This leaves the sundry defences that many 1.d4 players dread – the Dutch, the Benko, and the Budapest, along with the odd sidelines that strong players trot out from time to time. GM Repertoire 2B offers remedies for all of these, and it’s worth spending some time looking at three specific prescriptions to get a sense of Avrukh’s style and analysis.

(1) One of Avrukh’s more prominent ideas in GM Repertoire 2 came in the Classical Dutch. After 1.d4 f5 2.g3 Nf6 3.Bg2 e6 4.c4 Be7 5.Nf3 0–0 6.0–0 d6 7.Nc3 Ne4 8.Nxe4 fxe4 9.Nd2 d5 10.f3 Nc6 and here Avrukh recommended 11.fxe4 Rxf1+ 12.Nxf1 dxc4 13.Be3 in GM Repertoire 2, but Simon Williams’ improvement 13. …Bd7! (Sen-Williams, Uxbridge 2010) led Avrukh to search for another path forward.

image

His new idea is 11.e3!? exf3 12.Nxf3, when “[t]he position resembles a Catalan, except that the f-pawns have been removed.” (2B, 78) This seems a canny choice, fitting with the larger contours of Avrukh’s repertoire: playing for a positional advantage and limiting the opponent’s dynamism. That Stockfish 10 approves it also doesn’t hurt! Avrukh analyzes two continuations.

[A] 12. …b6 is seen in a correspondence game: 13.Bd2 Bb7 14.Rc1 Qd6 15.Qc2 Rac8 16.cxd5 exd5 17.b4! (Oppermann,P-Prystenski,A, ICCF email 2016)

[B] 12. …Bf6 13.Bd2 a5 14.Rc1 Kh8 and now instead of 15.Ne1 (Schmid-Halkias, Wunsiedel 2014) Avrukh analyzes the novelty 15.Rf2!? with good prospects for White.

(2) The Benko Gambit is often dreaded by club players. Black sacs a pawn for what appears to be solid compensation and plays on ‘auto-pilot,’ making typical moves while White sweats her way through the middlegame, frantically clutching her extra pawn. Avrukh shifts in 2B from his earlier recommendation of the Fianchetto Variation to the now-trendy 12.a4 ‘King-Walk,’ and he also gives White a weapon against a new sideline in the Benko.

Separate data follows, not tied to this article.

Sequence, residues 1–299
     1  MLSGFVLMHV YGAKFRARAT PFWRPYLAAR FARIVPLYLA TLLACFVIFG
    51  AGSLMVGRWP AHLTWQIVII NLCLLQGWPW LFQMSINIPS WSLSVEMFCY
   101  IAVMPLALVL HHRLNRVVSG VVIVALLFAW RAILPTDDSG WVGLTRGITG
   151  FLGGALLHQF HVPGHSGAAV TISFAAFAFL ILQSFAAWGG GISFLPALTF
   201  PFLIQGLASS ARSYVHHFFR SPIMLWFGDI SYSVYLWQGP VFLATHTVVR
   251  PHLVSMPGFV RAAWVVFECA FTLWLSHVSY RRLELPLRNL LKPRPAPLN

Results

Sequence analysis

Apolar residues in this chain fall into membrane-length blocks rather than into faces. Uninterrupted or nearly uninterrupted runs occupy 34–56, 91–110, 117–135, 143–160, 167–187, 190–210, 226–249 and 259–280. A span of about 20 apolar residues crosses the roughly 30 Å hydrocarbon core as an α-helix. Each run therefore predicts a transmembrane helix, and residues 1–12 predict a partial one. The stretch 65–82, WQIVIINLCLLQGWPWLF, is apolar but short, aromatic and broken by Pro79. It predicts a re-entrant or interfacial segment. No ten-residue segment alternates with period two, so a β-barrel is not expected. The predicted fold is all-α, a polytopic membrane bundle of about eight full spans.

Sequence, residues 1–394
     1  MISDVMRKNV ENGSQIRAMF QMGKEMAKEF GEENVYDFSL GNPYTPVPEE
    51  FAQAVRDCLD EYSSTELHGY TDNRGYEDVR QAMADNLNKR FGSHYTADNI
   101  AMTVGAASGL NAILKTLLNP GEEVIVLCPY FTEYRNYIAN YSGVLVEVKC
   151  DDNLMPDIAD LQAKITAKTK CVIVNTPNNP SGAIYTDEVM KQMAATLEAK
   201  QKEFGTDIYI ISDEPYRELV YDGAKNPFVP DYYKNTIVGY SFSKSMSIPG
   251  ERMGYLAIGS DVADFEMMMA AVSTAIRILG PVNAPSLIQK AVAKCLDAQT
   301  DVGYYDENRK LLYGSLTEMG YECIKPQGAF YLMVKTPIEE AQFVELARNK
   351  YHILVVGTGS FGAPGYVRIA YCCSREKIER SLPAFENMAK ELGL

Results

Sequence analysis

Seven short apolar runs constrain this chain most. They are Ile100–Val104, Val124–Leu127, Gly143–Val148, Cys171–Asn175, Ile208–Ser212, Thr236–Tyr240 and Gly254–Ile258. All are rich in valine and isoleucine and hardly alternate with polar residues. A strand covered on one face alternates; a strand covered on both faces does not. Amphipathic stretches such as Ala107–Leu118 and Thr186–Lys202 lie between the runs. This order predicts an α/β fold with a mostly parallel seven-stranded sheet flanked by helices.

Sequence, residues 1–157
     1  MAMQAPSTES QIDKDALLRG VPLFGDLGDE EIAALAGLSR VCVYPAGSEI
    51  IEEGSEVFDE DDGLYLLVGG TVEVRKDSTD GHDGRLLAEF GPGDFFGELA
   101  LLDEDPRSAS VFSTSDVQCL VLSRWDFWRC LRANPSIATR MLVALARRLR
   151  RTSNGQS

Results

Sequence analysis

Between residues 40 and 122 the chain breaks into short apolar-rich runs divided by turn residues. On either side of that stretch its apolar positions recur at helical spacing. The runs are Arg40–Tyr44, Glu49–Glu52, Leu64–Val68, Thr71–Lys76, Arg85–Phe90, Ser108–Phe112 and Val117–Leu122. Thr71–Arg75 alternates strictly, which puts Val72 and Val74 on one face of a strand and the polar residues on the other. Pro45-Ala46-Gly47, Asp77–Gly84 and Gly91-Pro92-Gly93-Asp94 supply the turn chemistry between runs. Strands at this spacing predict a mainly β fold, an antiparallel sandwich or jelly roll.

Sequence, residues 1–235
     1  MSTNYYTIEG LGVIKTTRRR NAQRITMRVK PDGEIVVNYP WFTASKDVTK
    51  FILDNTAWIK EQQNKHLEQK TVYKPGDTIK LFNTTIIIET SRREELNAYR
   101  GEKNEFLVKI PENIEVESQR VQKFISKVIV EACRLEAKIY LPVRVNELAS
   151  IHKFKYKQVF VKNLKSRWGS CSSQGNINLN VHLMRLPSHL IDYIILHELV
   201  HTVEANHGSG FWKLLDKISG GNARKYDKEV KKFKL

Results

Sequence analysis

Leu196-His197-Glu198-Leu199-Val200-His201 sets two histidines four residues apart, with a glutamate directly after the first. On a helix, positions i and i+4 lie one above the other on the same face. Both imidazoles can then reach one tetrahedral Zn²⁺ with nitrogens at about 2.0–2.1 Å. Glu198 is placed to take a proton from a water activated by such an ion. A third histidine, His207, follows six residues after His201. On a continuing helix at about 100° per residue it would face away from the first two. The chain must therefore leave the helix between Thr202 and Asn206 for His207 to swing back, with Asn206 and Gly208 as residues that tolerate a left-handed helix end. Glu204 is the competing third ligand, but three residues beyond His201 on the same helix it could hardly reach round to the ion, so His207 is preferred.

1.d4 Nf6 2.c4 c5 3.d5 b5 4.cxb5 a6 5.bxa6 g6!?

Postponing the pawn capture is a new idea, and the subject of Milos Perunovic’s very interesting The Modernized Benko Gambit. Benko players have flocked to it, largely because of the current problems in the Benko proper.

Avrukh follows current theoretical trends in the ‘old’ Benko by recommending 5. …Bxa6 6.Nc3 g6 7.e4 Bxf1 8.Kxf1 d6 9.Nf3 Bg7 10.g3 0–0 11.Kg2 Nbd7 12.a4!. White is currently scoring very well in this line championed by none other than Magnus Carlsen (via transposition). See Carlsen-Bologan, Biel 2012.

6.Nc3 Bg7 7.e4 0–0 (7. …Qa5 8.a7!) 8.a7!

“The most dangerous idea for Black. White’s idea is clear: with Black’s rook on a7, he can always win a tempo with Nb5. Now we can’t play …Qa5 because after Bd2, White has the threat Nb5.” (Perunovic, 109)

Avrukh notes that we can’t play 8.Nf3 because of 8. …Qa5! when the pin and attack on e4 forces us to choose between 9.Bd2 and 9.Nd2.

8. …Rxa7 9.Nf3 e6

Perunovic’s recommendation. Black has a few alternatives: 9. …d6 10.Be2 Ba6 11.0–0; 9. …Qa5 10.Bd2!; and 9. …Qb6 10.Be2 Ba6 11.0–0.

10.Be2 exd5 11.exd5 d6 12.0–0 Na6

If 12. …Ba6 Avrukh likes 13.Re1, which provides “a [simple] route to an edge.”